Why it matters: The 4% growth in the fourth quarter is about what forecasters anticipated. The resurgence of the virus in November and December certainly slowed growth. December saw the first monthly job loss since the height of the pandemic in April. Without the surge, the economy would have grown stronger.
Annually, the economy contracted 3.5% compared to 2019 (-2.5% on quarter-over-quarter basis). This is the first annual decline in GDP since 2009 and the Great Recession. The economy contracted 2.5% that year. 2020’s contraction is the largest annual decline since 1946 when the economy contracted because of the end of World War II.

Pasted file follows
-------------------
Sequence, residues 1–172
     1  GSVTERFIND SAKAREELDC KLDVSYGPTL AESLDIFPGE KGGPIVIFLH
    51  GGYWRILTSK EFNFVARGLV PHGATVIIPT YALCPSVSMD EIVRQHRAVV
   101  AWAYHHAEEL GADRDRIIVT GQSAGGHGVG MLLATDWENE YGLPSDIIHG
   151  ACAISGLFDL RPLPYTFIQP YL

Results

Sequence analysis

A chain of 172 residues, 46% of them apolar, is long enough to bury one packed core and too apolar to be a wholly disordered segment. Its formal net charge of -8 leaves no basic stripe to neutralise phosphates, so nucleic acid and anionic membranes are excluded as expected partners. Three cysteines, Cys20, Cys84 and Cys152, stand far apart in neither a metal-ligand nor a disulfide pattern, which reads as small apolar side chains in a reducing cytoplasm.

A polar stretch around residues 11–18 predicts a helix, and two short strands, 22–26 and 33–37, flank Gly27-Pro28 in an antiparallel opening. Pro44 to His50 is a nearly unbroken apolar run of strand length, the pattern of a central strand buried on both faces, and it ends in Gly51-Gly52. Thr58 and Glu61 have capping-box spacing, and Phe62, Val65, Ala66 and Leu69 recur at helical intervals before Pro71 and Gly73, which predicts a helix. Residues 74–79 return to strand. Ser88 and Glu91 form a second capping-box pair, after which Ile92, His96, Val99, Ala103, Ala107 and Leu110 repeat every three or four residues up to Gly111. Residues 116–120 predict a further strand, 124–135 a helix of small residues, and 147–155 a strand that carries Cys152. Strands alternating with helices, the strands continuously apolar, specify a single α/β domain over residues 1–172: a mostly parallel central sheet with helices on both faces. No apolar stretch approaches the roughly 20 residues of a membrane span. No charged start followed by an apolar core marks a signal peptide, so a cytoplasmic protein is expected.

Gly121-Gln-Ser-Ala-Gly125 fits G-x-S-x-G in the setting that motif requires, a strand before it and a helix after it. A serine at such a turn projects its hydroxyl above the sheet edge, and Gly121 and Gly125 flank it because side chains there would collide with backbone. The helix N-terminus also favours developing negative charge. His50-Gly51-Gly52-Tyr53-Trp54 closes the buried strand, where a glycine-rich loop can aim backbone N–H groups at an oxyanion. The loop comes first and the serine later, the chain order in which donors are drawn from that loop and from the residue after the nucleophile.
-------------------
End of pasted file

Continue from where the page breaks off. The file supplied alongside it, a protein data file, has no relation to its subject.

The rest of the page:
Looking ahead: At its current pace, the economy will return to the size it was in December 2019, before the COVID-19 contraction began, sometime in the second quarter of 2021. That is a sharp bounce back considering how far the economy had fallen just a few months ago.
It will take the economy longer to get back to the size it would have been had the recession never occurred. The timing of hitting that mark will be determined by the rate of growth this year. Right now, the economy is tracking to grow strongly once we fully get over the virus. The services sector is eager to get back to work and consumers are equally eager to spend on services they have not been able to enjoy in almost a year now. With government support, a recovering labor market, and built-up savings, consumers should have the money to spend. We could see growth of 5% or more this year.